Covering your face to avoid facial recognition could result in fines in England and France

London’s Metropolitan Police have fined a man £90 (US$118) after he declined to participate in a trial of the force’s public facial recognition system, in an interaction witnessed by Big Brother Watch Director Silkie Carlo, which is sure to ignite further controversy around the biometric technology’s deployment.

The Independent reports that despite signage claiming that “anyone who declines to be scanned will not necessarily be viewed as suspicious,” the individual was followed and confronted by police after he pulled a covering up over his face and walked past the camera with his head down. The person produced identification on request of the police, who Carlo says then because “accusatory and aggressive.”

The individual cursed, and was given a public order fine. A met spokesperson told the Independent that officers are expected to “use their judgment” when deciding whether to confront people who avoid the technology being trialed.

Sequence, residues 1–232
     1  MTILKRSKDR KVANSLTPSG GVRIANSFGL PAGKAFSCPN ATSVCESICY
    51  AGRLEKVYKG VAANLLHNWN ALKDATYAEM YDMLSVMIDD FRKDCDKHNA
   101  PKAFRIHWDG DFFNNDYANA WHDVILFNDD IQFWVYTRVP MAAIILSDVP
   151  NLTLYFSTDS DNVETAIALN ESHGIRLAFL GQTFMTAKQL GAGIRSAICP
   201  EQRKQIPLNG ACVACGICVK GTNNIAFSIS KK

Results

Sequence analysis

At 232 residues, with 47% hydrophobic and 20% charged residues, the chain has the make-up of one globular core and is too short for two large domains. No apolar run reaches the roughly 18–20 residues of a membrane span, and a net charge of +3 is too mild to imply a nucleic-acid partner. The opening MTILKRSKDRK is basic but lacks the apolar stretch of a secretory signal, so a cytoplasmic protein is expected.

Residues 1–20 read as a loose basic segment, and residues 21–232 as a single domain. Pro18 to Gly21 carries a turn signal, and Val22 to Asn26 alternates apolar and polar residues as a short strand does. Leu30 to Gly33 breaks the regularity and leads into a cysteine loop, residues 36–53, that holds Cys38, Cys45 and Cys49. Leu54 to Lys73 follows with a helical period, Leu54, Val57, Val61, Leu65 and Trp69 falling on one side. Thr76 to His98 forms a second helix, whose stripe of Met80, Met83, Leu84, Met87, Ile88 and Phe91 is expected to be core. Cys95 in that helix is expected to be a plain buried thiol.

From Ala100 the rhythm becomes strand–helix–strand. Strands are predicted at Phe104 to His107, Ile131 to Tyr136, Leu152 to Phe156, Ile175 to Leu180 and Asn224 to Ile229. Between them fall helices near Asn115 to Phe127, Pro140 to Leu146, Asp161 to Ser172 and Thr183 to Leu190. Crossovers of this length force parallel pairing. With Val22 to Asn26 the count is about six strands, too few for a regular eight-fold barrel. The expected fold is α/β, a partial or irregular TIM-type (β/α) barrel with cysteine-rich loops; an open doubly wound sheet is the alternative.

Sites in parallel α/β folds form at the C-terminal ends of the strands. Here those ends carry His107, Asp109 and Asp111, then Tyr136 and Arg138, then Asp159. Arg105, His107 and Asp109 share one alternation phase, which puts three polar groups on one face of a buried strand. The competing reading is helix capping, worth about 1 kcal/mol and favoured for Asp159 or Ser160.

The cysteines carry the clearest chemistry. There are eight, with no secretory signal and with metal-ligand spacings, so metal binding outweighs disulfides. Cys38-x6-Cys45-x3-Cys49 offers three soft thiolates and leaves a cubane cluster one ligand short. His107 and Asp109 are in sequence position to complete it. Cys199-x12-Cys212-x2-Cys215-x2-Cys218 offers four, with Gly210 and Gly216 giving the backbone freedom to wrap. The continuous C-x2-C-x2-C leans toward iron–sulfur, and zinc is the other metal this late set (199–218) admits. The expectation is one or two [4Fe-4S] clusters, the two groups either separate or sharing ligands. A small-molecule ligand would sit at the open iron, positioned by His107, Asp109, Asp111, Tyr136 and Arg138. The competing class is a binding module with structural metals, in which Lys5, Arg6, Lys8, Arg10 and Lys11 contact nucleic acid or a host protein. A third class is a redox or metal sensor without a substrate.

“Officers stopped a man who was seen acting suspiciously in Romford town centre during the deployment of the live facial recognition technology,” a statement said.

“After being stopped the man became aggressive and made threats towards officers. He was issued with a penalty notice for disorder as a result.”

Eight people were arrested during the trial, three due to facial recognition matches. The Independent reports that monitors also saw other people stopped, including one who had pulled up his hood. The deployment was expected to last two days, and be the last of ten, but was cancelled because bad weather was expected to cause a low volume of pedestrian traffic.

The Independent also reports that none of the people it questioned who has passed through a trial zone in December in central London had seen the publicity material supposedly being handed out by police.

France to ban face coverings

Meanwhile in France, where protests have been held continuously, and often violently, since November, a law is expected to pass through parliament next week which would make it illegal for protestors to cover their faces, so that they can be identified with facial recognition, according to Radio New Zealand.

The “anti-casseurs” (anti-hooligan) bill would make covering one’s face during a protest punishable by a €15,000 (US$17,170) fine, but critics say it will be impossible to enforce, and unnecessarily curbs civil liberties.

A spokesperson for French President Emmanuel Macron’s party La Republique En Marche said the bill would protect, rather than restrict freedoms.

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